Cutting tools with vibration control technology can substantially increase machining productivity on almost any machine tool or workpiece.
Uncontrolled vibration creates multiple problems in metalcutting operations. Varying forces in the cutting process cause vibration and tool chatter that degrade part surface quality, quickly wear or break cutting tools and damage machine tool components.
Passive/dynamic vibration damping enables productive, high quality machining with much larger tool length to diameter ratios.
Trends in product design have also created more vibration issues. To enhance product strength and reduce assembly costs, manufacturers are increasingly machining large “monolithic” parts, where a single piece replaces several previously assembled components. Producing internal features of these parts requires tools to reach into deep cavities, and the extended tool length further exaggerates vibration.
Attempting to minimize vibration by reducing cutting parameters decreases productivity and increases manufacturing costs. Instead, the best way to control this unwanted vibration is with passive/dynamic systems that utilize tuned mass damper concepts to absorb vibration before it progresses and disrupts the machining process.
Seco Tools uses this principal in its Steadyline® system of turning, boring and milling tools. Here’s more on what works, and what doesn’t, to control chatter in your turning and machining processes.
How Passive/Dynamic Vibration Damping Works
In metalcutting, vibration is generated by the changing forces that occur when making chips. The intermittent forces are apparent in the interrupted cutting process of milling and also appear in turning operations when the toolholder bar is periodically loaded and unloaded as chips form and break.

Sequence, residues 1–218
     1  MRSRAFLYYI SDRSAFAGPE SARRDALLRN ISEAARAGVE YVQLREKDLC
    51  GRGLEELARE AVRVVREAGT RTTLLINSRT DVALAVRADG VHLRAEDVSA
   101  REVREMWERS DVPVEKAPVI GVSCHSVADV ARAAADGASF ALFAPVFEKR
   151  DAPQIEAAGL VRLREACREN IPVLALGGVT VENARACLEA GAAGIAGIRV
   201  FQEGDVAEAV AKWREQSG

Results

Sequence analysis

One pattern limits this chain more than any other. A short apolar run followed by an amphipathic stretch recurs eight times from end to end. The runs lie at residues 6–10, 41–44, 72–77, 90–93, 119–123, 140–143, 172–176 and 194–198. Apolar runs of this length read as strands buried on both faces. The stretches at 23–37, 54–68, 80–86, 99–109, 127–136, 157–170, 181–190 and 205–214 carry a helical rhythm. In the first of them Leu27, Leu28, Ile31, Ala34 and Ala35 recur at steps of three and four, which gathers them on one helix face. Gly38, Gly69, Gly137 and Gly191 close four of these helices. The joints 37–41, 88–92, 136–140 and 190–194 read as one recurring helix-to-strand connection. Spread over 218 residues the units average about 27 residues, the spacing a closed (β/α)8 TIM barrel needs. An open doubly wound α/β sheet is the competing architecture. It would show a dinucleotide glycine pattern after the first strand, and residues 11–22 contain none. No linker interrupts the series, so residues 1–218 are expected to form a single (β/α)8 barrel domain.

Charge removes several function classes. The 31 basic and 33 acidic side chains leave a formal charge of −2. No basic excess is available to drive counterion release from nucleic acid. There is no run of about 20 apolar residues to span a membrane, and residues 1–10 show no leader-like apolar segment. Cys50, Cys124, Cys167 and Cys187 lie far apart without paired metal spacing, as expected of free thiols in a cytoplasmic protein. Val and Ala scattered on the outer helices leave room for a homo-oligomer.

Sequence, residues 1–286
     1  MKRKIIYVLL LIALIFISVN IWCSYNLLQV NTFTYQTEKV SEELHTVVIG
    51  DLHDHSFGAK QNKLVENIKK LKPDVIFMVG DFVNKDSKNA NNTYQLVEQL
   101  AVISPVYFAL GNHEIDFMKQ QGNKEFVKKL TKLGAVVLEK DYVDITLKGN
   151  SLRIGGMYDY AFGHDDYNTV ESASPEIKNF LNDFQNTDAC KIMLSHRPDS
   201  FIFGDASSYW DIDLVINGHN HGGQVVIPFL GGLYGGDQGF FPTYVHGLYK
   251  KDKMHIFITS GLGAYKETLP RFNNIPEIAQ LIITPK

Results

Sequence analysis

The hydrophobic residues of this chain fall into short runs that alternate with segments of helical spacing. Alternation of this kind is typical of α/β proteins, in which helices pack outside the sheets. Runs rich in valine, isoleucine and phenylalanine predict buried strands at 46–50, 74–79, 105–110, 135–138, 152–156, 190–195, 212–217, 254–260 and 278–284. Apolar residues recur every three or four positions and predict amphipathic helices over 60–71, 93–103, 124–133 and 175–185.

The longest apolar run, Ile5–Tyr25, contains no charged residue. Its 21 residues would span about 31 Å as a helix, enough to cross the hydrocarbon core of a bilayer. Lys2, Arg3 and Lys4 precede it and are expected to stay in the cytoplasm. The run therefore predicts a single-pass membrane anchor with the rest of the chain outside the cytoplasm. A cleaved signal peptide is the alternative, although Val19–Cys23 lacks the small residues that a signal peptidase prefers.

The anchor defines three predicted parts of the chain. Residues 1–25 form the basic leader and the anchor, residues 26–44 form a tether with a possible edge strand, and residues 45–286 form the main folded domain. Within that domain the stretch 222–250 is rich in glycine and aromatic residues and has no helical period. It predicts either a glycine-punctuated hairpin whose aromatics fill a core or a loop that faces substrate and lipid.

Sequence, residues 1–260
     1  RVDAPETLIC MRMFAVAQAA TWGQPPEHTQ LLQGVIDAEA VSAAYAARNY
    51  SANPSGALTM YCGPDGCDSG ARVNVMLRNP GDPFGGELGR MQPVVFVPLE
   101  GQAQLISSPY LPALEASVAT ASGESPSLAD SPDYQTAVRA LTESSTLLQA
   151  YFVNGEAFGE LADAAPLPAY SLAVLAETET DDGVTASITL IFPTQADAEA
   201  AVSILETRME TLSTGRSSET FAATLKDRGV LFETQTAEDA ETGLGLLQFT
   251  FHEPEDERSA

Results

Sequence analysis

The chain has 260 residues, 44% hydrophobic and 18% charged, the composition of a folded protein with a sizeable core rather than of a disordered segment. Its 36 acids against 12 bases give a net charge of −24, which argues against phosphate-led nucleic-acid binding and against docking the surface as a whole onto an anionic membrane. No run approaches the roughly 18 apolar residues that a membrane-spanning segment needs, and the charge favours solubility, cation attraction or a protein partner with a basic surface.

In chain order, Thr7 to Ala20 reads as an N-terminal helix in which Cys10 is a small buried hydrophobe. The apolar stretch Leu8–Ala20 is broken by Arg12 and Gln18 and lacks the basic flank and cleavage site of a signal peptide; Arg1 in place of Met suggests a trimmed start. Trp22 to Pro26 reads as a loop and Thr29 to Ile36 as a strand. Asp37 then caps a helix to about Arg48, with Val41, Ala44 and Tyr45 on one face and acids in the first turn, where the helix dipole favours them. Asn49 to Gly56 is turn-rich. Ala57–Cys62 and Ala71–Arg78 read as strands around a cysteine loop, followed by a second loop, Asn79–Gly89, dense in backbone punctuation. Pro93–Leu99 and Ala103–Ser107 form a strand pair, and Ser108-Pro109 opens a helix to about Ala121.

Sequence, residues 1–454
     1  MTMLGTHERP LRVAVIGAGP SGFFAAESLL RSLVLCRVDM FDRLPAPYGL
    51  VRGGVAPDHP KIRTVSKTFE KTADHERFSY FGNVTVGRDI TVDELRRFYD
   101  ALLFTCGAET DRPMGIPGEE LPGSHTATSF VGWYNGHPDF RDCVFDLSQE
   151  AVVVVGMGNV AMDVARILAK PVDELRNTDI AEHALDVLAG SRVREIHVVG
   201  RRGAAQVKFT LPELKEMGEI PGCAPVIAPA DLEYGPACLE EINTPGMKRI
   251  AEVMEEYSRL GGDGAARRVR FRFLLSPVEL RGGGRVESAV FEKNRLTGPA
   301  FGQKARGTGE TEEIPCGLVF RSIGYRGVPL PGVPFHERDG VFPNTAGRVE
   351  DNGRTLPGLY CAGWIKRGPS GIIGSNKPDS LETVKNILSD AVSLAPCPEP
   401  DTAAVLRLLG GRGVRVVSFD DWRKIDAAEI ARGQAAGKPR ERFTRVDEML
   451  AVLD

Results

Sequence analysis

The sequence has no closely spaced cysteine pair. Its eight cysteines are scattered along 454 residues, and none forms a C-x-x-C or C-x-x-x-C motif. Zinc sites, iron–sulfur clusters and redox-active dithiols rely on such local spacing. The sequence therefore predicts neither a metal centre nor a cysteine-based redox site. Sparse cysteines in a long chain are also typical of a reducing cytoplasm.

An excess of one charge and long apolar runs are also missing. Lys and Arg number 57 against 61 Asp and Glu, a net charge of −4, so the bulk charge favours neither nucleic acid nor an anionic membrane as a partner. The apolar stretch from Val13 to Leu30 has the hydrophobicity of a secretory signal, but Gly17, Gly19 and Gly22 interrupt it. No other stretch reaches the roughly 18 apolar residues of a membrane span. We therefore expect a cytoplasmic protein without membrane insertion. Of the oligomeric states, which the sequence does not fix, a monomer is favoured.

A passive approach to vibration control in machining operations involves maximizing the rigidity of elements within the machining system. For example, to restrict unwanted movement, machine tool manufacturers can utilize rigid structural elements, fill internal chambers with concrete or another vibration-absorbing material and make machines larger and heavier overall.
Damping is provided by a passive/dynamic system. Inside the holder’s
body a heavy metal mass counter-acts against the vibration created from
the holder’s flex during machining.
From a workpiece perspective, thin-walled parts and those with unsupported sections are prone to vibration when machined. To a limited degree, parts can be redesigned to improve rigidity, but such design changes can add weight and compromise product performance.
For cutting tools, a passive approach to vibration control requires the use of short, rigid tools and replacement of steel toolholders with those made of stiff tungsten carbide.
But manufacturers today want to achieve higher machining productivity without compromise to machine or workpiece. This is why manufacturers increasingly apply mass damper devices to overcome vibration. A tuned mass damper is a component suspended within a machine or structure that is designed to resonate out of phase with the unwanted vibration, absorb its energy and minimize the vibratory motion.
A passive/dynamic approach to vibration control for cutting tools applies the tuned mass damper concept. The Steadyline® system from Seco Tools, for example, features a pre-tuned vibration damper consisting of a heavy metal mass suspended inside the toolholder bar. The damper mass is made of high-density material to minimize its overall dimensions and absorb vibration as it is transmitted by the cutting tool to the body of the bar.
In the Steadyline® system, the vibration-absorbing mass is positioned at the front of the bar, where the potential for deflection is highest. In this position, the mass can dampen vibration immediately, following its transmission from the cutting edge to the body of the bar. The system also includes short, compact GL cutting tool heads that place the cutting edge close to the damping mass to maximize the vibration-absorption effect. The system is adaptable to a wide range of applications and is most useful in milling (contouring, pocketing and slotting), turning and both rough and fine boring operations.
With a standard tool (right) chatter resonates throughout the entire body of the
toolholder. With Steadyline® (left) the damper mass quickly absorbs vibration to permit higher cutting rates.
The Steadyline® system enables typical long-overhang operations to be performed at least twice as fast as with non-damped tools while enhancing part surface finish, extending tool life and reducing stress on the machine tool. Passive/dynamic vibration damping technology makes it possible to accomplish certain applications, such as some uses of tool lengths of up to 10 times bar diameter, which would not otherwise be possible even at minimal machining parameters.
Source: machining news.